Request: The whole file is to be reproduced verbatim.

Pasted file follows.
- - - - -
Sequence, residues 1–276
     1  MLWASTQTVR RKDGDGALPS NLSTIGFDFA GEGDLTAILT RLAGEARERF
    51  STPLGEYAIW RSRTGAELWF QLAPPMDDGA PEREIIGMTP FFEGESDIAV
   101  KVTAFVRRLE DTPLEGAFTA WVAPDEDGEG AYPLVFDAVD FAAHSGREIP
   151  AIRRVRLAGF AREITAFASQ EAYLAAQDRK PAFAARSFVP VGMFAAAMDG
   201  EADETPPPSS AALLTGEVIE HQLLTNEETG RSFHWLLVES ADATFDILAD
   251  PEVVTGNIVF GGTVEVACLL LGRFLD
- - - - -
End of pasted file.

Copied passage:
Sequence, residues 1–276
     1  MLWASTQTVR RKDGDGALPS NLSTIGFDFA GEGDLTAILT RLAGEARERF
    51  STPLGEYAIW RSRTGAELWF QLAPPMDDGA PEREIIGMTP FFEGESDIAV
   101  KVTAFVRRLE DTPLEGAFTA WVAPDEDGEG AYPLVFDAVD FAAHSGREIP
   151  AIRRVRLAGF AREITAFASQ EAYLAAQDRK PAFAARSFVP VGMFAAAMDG
   201  EADETPPPSS AALLTGEVIE HQLLTNEETG RSFHWLLVES ADATFDILAD
   251  PEVVTGNIVF GGTVEVACLL LGRFLD